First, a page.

Light up the Darkness

Light up the darkness

Please ask the UK government to put pressure on the World Bank to increase its investment in decentralised renewable energy, such as solar power.

During 2018 Tearfund marked its 50th anniversary and in that ‘jubilee’ year we reflected on restoration of right relationships between God, people and creation. The ideas of jubilee, and indeed sabbath, are strongly concerned with conserving the environment and giving God’s creation time to rest.  Further, in Romans 8 Paul tells his readers that the freedom Christ brings is for creation as well as for humanity (vs 18-25).  As Christians we accept we’re part of creation, not separate from it, and that caring for it is part of what we are here to do.

Light Up The Darkness - Tearfund Campaign

Climate change is this generation’s issue to tackle as part of our care for God’s creation, as well as to tackle injustice. As the recent UN Climate talks in Poland have shown us, while progress can be made on process and ‘rule books’, getting clear and urgent action to avert further climatic change at a global level is frustratingly slow. Regardless, we need to move towards a zero carbon economy. To help make that shift, we’re currently calling on the the UK government to use it’s decision making power at the World Bank(1) to invest more in decentralised, renewable energy.   


Why energy access matters

Access to energy is one of the clearest indicators of inequality globally. Energy poverty is now increasingly localised in remote, rural regions, particularly in Africa and Asia. Without access to electricity, poor people are forced to rely on expensive, hazardous and polluting sources of energy such as kerosene lamps, diesel generators and wood or charcoal for cooking and heating.

  • One in seven people (1 billion) have no access to electricity.
  • Electricity is vital for success in achieving all the Sustainable Development Goals. Yet, progress on SDG 7, to ensure access to affordable, reliable, sustainable and modern energy for all, is not as fast as it needs to be.

Electricity investment within low-energy-access countries has traditionally been delivered through grid connection, powered by fossil fuels. Grid connections for dispersed populations are becoming increasingly expensive and can take many years to extend. Decentralised, renewable energy solutions (such as solar, wind and micro-hydro) present opportunities that are increasingly much cheaper and faster to set up. For example, in the Democratic Republic of Congo, over $1 billion is spent on kerosene annually – the equivalent of a quarter of local people’s incomes. Households spend up to $100 a year on kerosene, while entry-level solar lamps cost just $5.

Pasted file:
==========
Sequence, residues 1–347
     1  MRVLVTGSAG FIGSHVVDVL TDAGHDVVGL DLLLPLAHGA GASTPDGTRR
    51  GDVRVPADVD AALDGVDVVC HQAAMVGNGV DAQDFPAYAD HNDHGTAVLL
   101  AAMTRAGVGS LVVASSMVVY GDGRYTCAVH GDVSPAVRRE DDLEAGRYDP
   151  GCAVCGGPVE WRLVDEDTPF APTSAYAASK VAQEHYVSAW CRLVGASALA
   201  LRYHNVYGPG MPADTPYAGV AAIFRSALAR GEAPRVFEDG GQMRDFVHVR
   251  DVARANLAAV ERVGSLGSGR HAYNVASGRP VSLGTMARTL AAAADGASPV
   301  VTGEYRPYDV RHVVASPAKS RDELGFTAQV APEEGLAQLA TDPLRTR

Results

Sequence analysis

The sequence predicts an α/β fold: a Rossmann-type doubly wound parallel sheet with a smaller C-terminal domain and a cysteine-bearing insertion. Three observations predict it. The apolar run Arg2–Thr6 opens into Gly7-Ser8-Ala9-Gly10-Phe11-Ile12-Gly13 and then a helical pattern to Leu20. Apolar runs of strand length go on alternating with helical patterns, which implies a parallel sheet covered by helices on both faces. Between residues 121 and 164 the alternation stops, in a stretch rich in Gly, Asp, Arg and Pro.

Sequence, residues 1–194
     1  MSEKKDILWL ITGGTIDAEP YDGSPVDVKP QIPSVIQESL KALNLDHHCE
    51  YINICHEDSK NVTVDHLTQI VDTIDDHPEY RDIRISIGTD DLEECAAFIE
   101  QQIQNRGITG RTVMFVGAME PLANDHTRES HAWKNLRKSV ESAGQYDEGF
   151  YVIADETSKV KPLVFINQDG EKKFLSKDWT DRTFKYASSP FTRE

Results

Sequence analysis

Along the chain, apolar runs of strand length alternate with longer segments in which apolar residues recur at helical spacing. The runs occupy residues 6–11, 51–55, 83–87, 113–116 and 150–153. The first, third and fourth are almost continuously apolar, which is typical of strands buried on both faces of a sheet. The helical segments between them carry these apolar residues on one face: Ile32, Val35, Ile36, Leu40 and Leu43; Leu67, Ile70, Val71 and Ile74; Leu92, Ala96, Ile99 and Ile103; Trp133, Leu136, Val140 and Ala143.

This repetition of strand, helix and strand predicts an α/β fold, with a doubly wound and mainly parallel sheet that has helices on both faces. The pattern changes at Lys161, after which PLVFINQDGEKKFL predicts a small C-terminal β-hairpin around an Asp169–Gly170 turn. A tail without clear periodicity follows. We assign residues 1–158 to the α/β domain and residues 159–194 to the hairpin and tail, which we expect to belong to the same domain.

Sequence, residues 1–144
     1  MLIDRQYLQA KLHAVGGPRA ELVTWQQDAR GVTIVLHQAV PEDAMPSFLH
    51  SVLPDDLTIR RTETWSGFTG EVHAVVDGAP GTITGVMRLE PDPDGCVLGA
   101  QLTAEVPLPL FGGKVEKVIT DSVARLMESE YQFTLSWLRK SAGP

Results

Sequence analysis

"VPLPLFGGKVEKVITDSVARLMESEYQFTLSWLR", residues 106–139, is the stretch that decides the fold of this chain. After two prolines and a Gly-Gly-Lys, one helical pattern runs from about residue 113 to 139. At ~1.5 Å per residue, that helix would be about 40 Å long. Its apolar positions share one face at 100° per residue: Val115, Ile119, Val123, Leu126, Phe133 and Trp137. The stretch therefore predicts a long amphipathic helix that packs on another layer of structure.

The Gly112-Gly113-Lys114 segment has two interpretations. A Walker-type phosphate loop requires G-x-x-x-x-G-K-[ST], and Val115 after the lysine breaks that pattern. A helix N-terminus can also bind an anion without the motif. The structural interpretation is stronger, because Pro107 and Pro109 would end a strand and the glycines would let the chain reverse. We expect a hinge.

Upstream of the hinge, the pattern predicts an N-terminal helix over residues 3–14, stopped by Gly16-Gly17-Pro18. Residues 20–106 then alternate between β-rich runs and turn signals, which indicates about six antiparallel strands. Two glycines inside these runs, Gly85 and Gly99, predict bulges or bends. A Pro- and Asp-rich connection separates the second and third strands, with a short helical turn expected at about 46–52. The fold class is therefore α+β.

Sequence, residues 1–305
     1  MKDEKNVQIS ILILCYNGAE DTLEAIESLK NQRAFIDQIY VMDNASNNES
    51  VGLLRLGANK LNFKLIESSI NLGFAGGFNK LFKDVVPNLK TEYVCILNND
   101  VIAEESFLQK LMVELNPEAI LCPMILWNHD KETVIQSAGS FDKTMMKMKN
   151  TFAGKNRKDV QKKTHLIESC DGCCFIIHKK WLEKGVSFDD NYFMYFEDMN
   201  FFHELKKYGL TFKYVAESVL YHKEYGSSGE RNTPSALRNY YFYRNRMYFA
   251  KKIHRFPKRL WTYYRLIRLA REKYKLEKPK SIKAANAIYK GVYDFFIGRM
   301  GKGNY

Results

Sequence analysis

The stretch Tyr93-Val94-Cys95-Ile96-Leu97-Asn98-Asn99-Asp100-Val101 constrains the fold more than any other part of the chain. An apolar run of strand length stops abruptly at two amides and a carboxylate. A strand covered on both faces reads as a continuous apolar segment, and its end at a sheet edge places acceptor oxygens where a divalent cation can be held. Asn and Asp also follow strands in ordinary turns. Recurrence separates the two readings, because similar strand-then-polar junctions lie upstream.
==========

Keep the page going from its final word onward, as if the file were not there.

World Bank’s energy access spending

The mission of the World Bank is to end extreme poverty and yet it continues to invest in fossil fuels that contribute to the devastating impacts of climate change. This is incongruent with the Bank’s own Climate Change Action Plan, designed to help countries meet the commitments within the Paris Agreement. Only a small percentage of the World Bank’s energy spending supports decentralised renewable energy, despite it often being the best way to reach people in poverty in rural areas. Evidence indicates that in order to achieve energy access for all by 2030, the lion’s share of additional investment in energy access, or 71 per cent, should go to decentralised (off-grid and mini-grid) solutions.


What your MP can do:

(or, what you can ask your MP to do...)

If you are an MP, please support our campaign aims by writing to Harriet Baldwin MP, Minister of State for DFID. Otherwise, please ask your MP to write to the Minister to ask that: the UK government uses its shareholder power to put pressure on the World Bank to increase investment in decentralised renewable energy (in line with the IEA recommendation of 71% of additional energy access spending). The World Bank’s UK Executive Director Richard Montgomery can champion these investments by using the UK’s voice on the Board, just as DFID can engage with the World Bank Climate Change Action Plan.


Every contact you make matters.

Sue Willsher,

Senior Policy Advisor, Tearfund

(1) The World Bank is an international finance institution providing financial and technical assistance to developing countries around the world.

Do you like this post?

Showing 1 reaction

published this page in Articles 2019-01-08 12:43:55 +0000